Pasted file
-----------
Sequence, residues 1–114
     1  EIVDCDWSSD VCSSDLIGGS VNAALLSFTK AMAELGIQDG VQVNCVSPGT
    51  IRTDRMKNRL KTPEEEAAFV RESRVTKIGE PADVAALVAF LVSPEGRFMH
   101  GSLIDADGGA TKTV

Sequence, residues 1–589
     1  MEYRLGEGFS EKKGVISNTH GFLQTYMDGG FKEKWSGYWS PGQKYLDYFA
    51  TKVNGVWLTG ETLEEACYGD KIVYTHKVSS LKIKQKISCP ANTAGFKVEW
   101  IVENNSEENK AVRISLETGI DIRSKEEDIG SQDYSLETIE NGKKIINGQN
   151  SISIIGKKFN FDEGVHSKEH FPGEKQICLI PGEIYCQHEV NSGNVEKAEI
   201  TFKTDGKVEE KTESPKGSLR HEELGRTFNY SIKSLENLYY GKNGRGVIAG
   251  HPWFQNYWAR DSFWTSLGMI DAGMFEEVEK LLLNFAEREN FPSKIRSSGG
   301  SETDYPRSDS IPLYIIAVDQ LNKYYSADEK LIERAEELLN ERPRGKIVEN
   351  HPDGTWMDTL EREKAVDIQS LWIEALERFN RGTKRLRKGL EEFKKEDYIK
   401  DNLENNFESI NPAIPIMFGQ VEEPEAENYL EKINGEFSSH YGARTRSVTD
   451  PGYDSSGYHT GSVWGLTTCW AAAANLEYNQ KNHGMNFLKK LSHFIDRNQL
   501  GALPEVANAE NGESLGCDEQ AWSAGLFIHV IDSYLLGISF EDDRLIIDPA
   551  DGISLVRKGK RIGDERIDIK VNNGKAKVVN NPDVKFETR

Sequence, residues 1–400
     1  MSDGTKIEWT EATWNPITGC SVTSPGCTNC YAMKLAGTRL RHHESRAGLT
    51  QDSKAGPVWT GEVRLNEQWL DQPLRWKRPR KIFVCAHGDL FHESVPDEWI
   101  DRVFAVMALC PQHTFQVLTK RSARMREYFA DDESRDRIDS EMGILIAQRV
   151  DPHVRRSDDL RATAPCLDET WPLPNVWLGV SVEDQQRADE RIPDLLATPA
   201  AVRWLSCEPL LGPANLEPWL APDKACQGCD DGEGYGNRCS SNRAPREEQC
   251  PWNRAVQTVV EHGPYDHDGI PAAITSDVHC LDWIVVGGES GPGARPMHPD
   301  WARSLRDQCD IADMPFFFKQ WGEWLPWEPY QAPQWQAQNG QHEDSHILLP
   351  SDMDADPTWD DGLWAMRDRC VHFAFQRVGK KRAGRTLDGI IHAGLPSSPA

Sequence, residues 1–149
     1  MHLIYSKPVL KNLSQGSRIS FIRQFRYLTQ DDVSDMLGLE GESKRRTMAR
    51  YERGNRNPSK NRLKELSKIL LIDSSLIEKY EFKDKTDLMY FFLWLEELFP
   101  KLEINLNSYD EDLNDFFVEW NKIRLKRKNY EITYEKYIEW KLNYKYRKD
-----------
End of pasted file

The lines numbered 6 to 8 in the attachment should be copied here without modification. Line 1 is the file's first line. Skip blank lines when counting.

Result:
     1  MEYRLGEGFS EKKGVISNTH GFLQTYMDGG FKEKWSGYWS PGQKYLDYFA
    51  TKVNGVWLTG ETLEEACYGD KIVYTHKVSS LKIKQKISCP ANTAGFKVEW
   101  IVENNSEENK AVRISLETGI DIRSKEEDIG SQDYSLETIE NGKKIINGQN